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Shawn Gaddis

Right hand or left hand?

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  Hello, I am hoping someone could help me with a little dilemma I am having with my guitar playing, a little back story I started playing guitar when I was about 13 and played for a couple of years but never got really good it was really challenging on my fret had to get the cords right. So I haven't played for a couple years now, now that I am 28 I have a whole new passion to play. But I found that it is really comfortable holding the pick in my left hand and a little easier for my fingers on my right hand to get into the cord shapes but it's still weird having a guitar facing the other way. So my question is. Should I just keep practicing with a right hand guitar or should I just go all in with the left hand guitar and learn that.  Thank you so much for your time. I hopefully look forward to hearing back.

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Hi Shawn

That is a really useful article from Mset.

There are a couple of things you can do to help you decide what to do. I think the first suggestion might be better because it is free and reversible.

1. Restring your guitar as a left hand guitar and see how that feels to play.  Depending on your particular guitar, the intonation  maybe slightly off. Intonation: some strings that are in tune at the nut might be slightly out of tune as they go up the fretboard. This can happen if the right hand bridge is not also changed around, and/or if it has differences of height across it between low & high strings. So, the intonation might be off slightly, but you can get the feel of playing the other way round. You can always change it back to the right handed stringing.  If you are playing a classical guitar, I found that the intonation remains pretty much unchanged after a lefty switch.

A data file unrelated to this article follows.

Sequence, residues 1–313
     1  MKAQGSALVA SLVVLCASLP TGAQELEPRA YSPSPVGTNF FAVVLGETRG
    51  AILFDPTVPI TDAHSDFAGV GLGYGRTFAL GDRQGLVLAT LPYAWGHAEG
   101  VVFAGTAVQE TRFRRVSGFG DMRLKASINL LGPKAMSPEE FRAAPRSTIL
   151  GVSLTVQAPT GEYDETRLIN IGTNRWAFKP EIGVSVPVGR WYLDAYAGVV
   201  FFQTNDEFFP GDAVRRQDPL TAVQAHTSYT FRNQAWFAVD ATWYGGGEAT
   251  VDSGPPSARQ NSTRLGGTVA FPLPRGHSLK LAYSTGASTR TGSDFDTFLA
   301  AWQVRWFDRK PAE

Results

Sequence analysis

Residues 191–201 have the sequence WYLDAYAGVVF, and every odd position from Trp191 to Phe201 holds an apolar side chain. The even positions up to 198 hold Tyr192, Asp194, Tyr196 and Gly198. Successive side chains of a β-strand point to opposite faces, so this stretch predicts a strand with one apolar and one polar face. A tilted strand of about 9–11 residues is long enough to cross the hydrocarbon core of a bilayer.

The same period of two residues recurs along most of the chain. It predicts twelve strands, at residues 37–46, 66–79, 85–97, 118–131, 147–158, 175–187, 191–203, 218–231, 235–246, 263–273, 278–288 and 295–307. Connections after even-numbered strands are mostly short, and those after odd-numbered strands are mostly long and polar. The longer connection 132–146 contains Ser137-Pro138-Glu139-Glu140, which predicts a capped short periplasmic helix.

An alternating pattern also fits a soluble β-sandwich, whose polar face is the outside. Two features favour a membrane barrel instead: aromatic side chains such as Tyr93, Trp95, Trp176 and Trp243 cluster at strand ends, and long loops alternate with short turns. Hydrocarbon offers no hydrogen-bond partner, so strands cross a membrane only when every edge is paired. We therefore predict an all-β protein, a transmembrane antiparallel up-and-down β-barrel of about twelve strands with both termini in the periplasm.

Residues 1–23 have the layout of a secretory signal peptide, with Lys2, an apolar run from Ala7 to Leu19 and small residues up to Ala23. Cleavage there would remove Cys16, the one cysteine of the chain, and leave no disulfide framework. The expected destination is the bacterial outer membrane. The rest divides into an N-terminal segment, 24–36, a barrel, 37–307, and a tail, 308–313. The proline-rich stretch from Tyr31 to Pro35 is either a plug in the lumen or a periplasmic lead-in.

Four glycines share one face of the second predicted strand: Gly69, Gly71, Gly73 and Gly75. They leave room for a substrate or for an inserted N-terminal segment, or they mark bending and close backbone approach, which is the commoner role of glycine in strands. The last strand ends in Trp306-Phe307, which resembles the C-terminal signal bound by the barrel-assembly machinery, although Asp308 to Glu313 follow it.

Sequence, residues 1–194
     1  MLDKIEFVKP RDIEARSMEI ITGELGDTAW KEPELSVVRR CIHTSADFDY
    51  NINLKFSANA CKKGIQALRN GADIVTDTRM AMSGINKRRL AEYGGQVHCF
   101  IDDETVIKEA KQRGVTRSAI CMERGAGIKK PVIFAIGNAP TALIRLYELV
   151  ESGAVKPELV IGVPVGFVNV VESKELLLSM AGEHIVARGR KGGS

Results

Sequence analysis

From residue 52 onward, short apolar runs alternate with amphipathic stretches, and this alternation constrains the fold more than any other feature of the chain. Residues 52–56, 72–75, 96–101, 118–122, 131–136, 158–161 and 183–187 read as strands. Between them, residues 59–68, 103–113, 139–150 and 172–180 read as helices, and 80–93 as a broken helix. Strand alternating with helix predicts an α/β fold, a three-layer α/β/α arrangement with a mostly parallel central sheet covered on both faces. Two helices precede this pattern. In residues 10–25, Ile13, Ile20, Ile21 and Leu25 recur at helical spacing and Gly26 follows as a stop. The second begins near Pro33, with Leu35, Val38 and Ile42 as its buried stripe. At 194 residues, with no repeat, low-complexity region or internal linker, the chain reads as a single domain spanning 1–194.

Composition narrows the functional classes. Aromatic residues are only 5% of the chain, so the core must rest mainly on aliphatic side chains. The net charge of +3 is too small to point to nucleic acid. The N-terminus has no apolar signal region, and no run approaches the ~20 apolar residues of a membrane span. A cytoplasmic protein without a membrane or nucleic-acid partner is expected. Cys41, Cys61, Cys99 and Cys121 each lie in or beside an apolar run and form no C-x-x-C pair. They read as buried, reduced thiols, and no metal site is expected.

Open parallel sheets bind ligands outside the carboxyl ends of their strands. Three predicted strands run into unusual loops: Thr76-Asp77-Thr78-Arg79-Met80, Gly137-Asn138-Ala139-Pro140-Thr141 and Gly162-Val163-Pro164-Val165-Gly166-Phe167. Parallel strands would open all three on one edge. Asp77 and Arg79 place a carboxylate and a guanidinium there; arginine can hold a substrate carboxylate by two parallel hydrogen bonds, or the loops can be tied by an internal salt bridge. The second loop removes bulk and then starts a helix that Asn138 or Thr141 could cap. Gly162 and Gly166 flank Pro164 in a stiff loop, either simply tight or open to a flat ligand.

2.  Buy a really cheap left hand guitar on ebay or similar, and try playing it a bit to see how that feels.

3. Go to a guitar store and play a lefty guitar to see how it feels.  Hint: it will feel as if you have never played guitar before, and you have to also mentally switch your knowledge of which finger goes on which string and where the low and high strings are.  Tip: the high e string is always the one closest to the floor, whether you play left or right.  You have to take all those things into consideration when making your choice.

I am someone who has switched from right to left handed guitar playing - because of injury to my left hand.  However, you must decide for yourself because only you can make the choice that is best for you.

When I switched, it was as difficult to find notes with my fretting hand as I was a complete beginner all over again. Which was a really interesting experience.

BTW you can find left handed guitars but the choice is muchy more limited, the guitars are usually slightly more expensive, and if you have friends you play with, you will not be able to swap guitars with them., or play someone else's guitar if those opportunities ever occur.

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